We're excited about this new program for drawing beautiful mathematical designs. Can you work out how we made our first few pictures and, even better, share your most elegant solutions with us?

This task depends on groups working collaboratively, discussing and reasoning to agree a final product.

Can you make sense of the charts and diagrams that are created and used by sports competitors, trainers and statisticians?

Watch these videos to see how Phoebe, Alice and Luke chose to draw 7 squares. How would they draw 100?

Can you recreate these designs? What are the basic units? What movement is required between each unit? Some elegant use of procedures will help - variables not essential.

This article is based on some of the ideas that emerged during the production of a book which takes visualising as its focus. We began to identify problems which helped us to take a structured view. . . .

This is a simple version of an ancient game played all over the world. It is also called Mancala. What tactics will increase your chances of winning?

A cube is made from smaller cubes, 5 by 5 by 5, then some of those cubes are removed. Can you make the specified shapes, and what is the most and least number of cubes required ?

A bicycle passes along a path and leaves some tracks. Is it possible to say which track was made by the front wheel and which by the back wheel?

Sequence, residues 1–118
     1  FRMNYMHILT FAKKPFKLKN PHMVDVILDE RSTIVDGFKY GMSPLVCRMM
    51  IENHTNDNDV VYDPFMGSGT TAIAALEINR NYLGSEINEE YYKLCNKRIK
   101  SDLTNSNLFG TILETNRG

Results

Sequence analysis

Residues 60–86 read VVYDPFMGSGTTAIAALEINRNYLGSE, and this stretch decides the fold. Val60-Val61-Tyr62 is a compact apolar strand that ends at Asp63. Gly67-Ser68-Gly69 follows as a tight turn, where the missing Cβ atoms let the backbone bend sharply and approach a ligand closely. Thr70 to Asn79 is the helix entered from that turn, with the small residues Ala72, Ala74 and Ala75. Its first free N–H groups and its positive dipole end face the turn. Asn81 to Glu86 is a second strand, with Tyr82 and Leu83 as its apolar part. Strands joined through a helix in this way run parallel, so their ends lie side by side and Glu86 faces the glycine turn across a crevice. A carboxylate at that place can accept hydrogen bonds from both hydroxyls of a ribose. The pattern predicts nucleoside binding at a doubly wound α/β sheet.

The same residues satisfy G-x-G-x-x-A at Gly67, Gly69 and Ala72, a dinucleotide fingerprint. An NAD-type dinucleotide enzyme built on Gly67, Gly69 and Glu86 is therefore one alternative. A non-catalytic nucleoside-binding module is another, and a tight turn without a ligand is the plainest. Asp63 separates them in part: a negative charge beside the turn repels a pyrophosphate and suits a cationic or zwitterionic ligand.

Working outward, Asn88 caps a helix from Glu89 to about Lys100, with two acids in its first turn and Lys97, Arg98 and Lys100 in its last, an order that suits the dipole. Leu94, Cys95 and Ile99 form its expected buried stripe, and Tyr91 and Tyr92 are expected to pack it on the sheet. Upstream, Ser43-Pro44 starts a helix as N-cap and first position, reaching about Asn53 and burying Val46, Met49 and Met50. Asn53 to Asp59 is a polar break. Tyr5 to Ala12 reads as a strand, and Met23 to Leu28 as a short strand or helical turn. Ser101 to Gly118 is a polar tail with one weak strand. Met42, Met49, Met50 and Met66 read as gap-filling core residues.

Glarsynost lives on a planet whose shape is that of a perfect regular dodecahedron. Can you describe the shortest journey she can make to ensure that she will see every part of the planet?

I found these clocks in the Arts Centre at the University of Warwick intriguing - do they really need four clocks and what times would be ambiguous with only two or three of them?

Can you make sense of the charts and diagrams that are created and used by sports competitors, trainers and statisticians?

The reader is invited to investigate changes (or permutations) in the ringing of church bells, illustrated by braid diagrams showing the order in which the bells are rung.

A game for 2 people. Take turns joining two dots, until your opponent is unable to move.

Two boats travel up and down a lake. Can you picture where they will cross if you know how fast each boat is travelling?

What can you see? What do you notice? What questions can you ask?

Problem solving is at the heart of the NRICH site. All the problems give learners opportunities to learn, develop or use mathematical concepts and skills. Read here for more information.

An irregular tetrahedron has two opposite sides the same length a and the line joining their midpoints is perpendicular to these two edges and is of length b. What is the volume of the tetrahedron?

A rectangular field has two posts with a ring on top of each post. There are two quarrelsome goats and plenty of ropes which you can tie to their collars. How can you secure them so they can't. . . .

A visualisation problem in which you search for vectors which sum to zero from a jumble of arrows. Will your eyes be quicker than algebra?

In this problem we are faced with an apparently easy area problem, but it has gone horribly wrong! What happened?

Discover a way to sum square numbers by building cuboids from small cubes. Can you picture how the sequence will grow?

What is the shape of wrapping paper that you would need to completely wrap this model?